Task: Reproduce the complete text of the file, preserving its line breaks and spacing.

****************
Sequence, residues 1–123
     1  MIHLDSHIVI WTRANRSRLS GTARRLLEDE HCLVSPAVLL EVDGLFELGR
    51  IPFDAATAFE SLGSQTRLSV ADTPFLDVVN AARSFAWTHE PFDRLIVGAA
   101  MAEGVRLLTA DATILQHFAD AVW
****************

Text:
Sequence, residues 1–123
     1  MIHLDSHIVI WTRANRSRLS GTARRLLEDE HCLVSPAVLL EVDGLFELGR
    51  IPFDAATAFE SLGSQTRLSV ADTPFLDVVN AARSFAWTHE PFDRLIVGAA
   101  MAEGVRLLTA DATILQHFAD AVW